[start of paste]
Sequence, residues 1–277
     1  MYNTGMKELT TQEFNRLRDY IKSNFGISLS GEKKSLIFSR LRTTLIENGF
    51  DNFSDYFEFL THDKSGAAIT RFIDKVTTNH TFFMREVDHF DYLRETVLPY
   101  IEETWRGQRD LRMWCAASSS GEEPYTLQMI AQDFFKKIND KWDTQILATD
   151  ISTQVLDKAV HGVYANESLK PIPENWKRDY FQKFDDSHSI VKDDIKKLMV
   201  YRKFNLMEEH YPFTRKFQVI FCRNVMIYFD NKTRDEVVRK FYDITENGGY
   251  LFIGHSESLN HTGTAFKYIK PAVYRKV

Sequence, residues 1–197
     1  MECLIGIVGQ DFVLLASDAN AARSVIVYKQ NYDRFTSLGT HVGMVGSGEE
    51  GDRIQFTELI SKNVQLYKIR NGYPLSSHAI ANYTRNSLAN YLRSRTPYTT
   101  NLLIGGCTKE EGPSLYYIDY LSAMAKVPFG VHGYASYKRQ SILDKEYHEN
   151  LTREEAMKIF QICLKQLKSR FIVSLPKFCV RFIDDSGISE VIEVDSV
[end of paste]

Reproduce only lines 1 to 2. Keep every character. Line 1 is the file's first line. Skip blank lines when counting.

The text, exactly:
Sequence, residues 1–277
     1  MYNTGMKELT TQEFNRLRDY IKSNFGISLS GEKKSLIFSR LRTTLIENGF